In the early industrial revolution, Luddites existed. When people were against new developments because they thought it is alienating the human from nature. Today there are actually two lines regarding this. The first one is the line of empire. This when you cross a line and a lot of people from the past are against the new. It is against their interest and profession. They have the feeling that they are replaced. Same what happens to the media companies and the music industry right now. It includes people who are against that change.
The other line is the line of no return. This means that we cannot go back. One example is when we moved from sails to steam engines. If we would go back now to the nostalgic method, millions of people would die of hunger.
Society 3.0: What effects do these changes in technology have on our society?
Teemu Arina: If we take Maslow’s hierarchy of needs. Self-expression is on the top of the pyramid. All our other needs are fulfilled, but basically, we are bored. In third world countries, people have to think every day from where they get their food and how to get shelter. For us, it is just important to get entertainment. In a way, technology has freed us. Now we have washing machines and frozen foods from the supermarket. This frees a lot of time for other activities. But people use the surplus of free time for entertaining themselves. To me, it is important to find a way to use my time proactive. In the time of the industrial revolution in London people met in coffee shops. There they entertained themselves with beverages and there they spend their free time. In our society, we spend this time on Facebook. If we would only use 1% during the free time to create something new we would have 100 new Wikipedias.
People say that they do not watch television. Instead, they are watching cat videos, which is another form of watching TV. YouTube is great because you can educate yourself. The idea of blogging is nice as well. However, if people use it just as a diary of life and not for important topics on a deep level the sense gets lost.
In overall, people do not need to have those high transactions costs anymore. If you want to build a new channel you do not need radio masts, a legal department and journalists. The Internet does everything for you and the transactions costs are lower.
Society 3.0: But if everybody is able to do everything – doesn’t it have a negative impact on the society?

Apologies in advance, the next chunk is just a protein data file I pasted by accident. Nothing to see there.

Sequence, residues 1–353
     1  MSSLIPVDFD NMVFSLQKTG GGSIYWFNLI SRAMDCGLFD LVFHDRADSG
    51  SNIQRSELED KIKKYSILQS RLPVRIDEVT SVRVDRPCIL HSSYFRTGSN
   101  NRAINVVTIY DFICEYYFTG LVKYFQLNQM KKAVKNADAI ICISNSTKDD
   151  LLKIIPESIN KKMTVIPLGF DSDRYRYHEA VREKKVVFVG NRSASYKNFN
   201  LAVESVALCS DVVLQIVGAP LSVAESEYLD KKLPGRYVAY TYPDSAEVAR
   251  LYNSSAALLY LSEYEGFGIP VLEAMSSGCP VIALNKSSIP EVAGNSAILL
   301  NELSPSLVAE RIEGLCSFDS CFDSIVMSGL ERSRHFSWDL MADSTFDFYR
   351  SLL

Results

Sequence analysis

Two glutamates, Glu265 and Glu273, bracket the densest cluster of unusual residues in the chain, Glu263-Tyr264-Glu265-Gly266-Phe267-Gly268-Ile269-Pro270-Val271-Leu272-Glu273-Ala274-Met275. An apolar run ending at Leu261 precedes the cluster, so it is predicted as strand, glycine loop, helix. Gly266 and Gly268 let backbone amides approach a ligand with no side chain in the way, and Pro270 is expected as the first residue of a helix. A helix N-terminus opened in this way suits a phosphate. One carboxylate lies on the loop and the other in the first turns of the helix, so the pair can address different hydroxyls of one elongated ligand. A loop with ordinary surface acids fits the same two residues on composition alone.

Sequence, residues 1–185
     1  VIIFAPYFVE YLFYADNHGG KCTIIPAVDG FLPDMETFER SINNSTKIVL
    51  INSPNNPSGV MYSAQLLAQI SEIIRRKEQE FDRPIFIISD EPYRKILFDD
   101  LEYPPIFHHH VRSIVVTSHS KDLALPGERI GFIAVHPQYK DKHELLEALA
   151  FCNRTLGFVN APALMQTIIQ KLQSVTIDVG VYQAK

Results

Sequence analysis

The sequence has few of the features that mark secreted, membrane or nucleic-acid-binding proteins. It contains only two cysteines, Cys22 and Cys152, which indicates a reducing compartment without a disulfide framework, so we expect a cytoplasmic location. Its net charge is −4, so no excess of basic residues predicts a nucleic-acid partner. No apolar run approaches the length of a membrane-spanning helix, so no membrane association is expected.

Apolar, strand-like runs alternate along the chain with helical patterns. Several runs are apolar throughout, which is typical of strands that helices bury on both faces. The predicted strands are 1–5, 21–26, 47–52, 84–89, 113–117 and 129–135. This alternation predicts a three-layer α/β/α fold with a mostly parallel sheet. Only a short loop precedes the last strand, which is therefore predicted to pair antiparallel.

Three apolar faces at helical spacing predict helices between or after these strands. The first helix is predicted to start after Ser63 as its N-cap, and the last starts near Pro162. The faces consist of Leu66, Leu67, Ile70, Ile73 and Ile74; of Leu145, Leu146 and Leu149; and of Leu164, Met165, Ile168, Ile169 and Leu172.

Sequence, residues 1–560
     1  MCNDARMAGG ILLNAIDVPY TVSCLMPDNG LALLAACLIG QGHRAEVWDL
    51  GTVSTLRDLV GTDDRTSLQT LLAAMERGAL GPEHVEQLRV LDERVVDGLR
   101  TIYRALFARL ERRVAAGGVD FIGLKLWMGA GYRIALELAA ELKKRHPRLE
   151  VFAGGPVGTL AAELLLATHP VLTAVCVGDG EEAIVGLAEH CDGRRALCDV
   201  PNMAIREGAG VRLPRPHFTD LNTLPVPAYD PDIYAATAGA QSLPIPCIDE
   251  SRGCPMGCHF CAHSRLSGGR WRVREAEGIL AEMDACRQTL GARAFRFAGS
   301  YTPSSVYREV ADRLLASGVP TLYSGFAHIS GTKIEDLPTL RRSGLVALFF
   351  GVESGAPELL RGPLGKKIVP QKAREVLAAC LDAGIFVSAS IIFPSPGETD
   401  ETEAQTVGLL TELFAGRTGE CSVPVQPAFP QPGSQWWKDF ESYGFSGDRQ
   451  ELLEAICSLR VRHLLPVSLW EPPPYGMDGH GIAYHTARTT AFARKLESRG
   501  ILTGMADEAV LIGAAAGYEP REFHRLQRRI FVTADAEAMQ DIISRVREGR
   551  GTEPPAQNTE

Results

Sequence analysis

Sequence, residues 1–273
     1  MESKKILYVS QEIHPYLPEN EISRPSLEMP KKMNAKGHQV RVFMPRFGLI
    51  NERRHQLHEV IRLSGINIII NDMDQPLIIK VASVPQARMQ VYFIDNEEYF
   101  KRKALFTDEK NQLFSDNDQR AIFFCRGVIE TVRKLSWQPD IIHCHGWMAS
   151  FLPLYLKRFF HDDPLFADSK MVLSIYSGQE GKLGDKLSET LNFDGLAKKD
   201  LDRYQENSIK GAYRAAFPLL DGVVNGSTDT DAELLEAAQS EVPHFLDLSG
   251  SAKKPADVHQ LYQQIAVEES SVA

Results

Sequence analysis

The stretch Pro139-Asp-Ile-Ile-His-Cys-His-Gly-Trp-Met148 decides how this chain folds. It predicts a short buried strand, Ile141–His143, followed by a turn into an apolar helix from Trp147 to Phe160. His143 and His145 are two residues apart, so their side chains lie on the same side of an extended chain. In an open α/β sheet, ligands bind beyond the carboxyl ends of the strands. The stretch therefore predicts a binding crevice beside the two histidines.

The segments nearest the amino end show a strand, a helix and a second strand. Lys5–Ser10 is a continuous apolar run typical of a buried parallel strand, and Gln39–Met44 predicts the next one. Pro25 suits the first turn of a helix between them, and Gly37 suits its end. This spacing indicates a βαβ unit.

Teemu Arina: Critiques of this knowledge-based society is to think about who is still responsible for services if so many people tend to become entrepreneurs. Obviously, these professions will still exist, there are just more effective and different approaches. We will become more digital. If we take 3D printing as an example you can produce your ideas right now at that moment. It is not necessary to ship them from China to Europe. You just need to have the idea of the project and print it out at home. Everyone can express his or her own ideas. Everything will become more efficient.
Society 3.0: What do you think are changes that Finland can expect in future?
Teemu Arina: If we look at other countries we can say that Finland is a very isolated country. We have a couple of neighboring countries, but we also have a sea in between. We have dark winter nights and a large area with a small population. This also means that we have to live with long distances. After a while, it was clear that we had to invest in technologies. It did not come by accident. In the beginning, we had phones in the local post offices. Then we had mobile phones. This is how Nokia was created.
Finns are trusted business partners around the world. We are a country with a high and advanced level of technology. Besides that, we have a good educational system. We do not have the advantages as other countries have such as the Netherlands. We do not have a central harbor or a big airport. But we have the gaming industry, which is growing rapidly. Also, Finnish furniture design is very well known in the rest of the world. We also have a good infrastructure. Even if there is snow the trains are still going. This is something that we can offer to other countries.
Hereby I would like Teemu Arina for his time and the great interview!